As president of the International League for Human Rights, Pagels worked to support freedom for researchers in other countries. He was a fellow of the New York Institute of the Humanities at New York University, a member of the Council on Foreign Relations, a member of the Science and Law Committee of the New York Bar Association, and a trustee of the New York Hall of Science.

In 1969, Pagels married Elaine Pagels, later theology professor, author, and MacArthur Fellow.[5] Their son Mark died in 1987 after a four-year illness. The couple had an adopted daughter Sarah and an adopted son David.

Heinz Pagels died in 1988 in a mountain climbing accident on Pyramid Peak, a 14,000-foot summit 10 miles to the southwest of the Aspen Center for Physics, where he spent his summers. Many writers of his obituary quote a dream he wrote about in his book The Cosmic Code:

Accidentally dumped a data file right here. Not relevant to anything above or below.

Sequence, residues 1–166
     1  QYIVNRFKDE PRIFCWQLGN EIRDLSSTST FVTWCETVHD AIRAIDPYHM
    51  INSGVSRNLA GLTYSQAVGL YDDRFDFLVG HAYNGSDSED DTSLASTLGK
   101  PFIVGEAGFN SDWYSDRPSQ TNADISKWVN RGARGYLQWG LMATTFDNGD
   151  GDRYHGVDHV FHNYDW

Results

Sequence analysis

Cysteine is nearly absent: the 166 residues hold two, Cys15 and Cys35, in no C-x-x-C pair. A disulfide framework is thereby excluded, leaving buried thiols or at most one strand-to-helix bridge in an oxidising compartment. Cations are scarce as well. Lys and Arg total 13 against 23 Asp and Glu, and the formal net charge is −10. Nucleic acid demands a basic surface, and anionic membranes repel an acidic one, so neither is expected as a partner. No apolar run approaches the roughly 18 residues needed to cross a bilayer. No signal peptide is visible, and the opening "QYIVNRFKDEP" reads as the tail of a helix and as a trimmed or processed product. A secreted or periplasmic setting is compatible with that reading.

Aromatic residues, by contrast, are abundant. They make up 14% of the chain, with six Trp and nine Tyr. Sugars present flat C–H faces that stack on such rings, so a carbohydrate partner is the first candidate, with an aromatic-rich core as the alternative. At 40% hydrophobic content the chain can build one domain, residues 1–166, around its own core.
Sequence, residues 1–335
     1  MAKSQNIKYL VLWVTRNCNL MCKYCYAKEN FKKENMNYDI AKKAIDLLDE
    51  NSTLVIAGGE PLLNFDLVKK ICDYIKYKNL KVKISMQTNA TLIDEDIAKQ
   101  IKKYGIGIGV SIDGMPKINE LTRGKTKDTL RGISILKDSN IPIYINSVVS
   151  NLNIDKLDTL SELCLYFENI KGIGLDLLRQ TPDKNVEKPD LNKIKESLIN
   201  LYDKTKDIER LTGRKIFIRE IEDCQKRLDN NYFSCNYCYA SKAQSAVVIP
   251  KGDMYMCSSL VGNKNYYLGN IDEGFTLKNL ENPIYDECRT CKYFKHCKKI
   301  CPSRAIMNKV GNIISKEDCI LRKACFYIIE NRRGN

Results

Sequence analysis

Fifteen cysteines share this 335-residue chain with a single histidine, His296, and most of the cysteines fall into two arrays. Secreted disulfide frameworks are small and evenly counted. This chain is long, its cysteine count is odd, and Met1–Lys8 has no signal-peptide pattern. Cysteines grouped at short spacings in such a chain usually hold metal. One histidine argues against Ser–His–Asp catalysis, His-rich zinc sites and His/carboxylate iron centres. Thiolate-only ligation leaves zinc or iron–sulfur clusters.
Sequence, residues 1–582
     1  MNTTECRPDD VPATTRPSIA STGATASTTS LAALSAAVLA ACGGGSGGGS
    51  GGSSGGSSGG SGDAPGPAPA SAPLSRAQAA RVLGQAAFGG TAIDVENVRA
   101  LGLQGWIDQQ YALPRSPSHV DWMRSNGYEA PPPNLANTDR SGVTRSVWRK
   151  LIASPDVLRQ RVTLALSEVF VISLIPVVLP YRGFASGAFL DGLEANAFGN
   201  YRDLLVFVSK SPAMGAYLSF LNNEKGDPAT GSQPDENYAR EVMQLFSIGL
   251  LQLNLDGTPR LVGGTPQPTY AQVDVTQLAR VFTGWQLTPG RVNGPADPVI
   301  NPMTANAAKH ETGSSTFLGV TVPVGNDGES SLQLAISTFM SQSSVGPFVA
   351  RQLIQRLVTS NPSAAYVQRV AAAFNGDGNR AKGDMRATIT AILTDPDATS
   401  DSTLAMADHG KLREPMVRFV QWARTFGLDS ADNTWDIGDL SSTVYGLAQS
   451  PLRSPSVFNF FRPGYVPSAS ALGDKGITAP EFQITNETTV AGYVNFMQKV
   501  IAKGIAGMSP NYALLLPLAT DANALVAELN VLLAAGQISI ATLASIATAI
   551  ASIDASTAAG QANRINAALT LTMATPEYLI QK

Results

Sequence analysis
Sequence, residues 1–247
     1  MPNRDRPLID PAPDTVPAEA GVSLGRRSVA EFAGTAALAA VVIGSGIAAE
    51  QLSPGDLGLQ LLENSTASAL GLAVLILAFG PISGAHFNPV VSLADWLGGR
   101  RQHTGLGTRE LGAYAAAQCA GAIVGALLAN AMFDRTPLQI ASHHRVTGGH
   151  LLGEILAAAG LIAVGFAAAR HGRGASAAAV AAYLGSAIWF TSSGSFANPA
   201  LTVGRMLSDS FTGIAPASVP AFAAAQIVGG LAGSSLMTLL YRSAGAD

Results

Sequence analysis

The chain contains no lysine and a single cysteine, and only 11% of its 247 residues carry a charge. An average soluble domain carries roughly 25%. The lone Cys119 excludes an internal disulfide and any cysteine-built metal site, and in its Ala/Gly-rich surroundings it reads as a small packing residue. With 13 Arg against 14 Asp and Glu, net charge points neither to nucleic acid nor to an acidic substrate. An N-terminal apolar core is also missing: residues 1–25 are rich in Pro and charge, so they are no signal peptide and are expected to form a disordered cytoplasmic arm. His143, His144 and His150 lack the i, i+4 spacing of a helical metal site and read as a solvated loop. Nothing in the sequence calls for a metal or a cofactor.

Lately I dreamed I was clutching at the face of a rock but it would not hold. Gravel gave way. I grasped for a shrub, but it pulled loose, and in cold terror I fell into the abyss... what I embody, the principle of life, cannot be destroyed ... It is written into the cosmic code, the order of the universe. As I continued to fall in the dark void, embraced by the vault of the heavens, I sang to the beauty of the stars and made my peace with the darkness.

— The Cosmic Code

Pagels' work in chaos theory provided the inspiration for the character of Ian Malcolm in Michael Crichton's novel Jurassic Park.[6]

Pagels was a 1956 graduate of Woodberry Forest School in Virginia. The school awards The Heinz R. Pagels Jr. Physics Memorial Award each year to a graduating student who has demonstrated outstanding achievement in physics.

Popular writings[edit]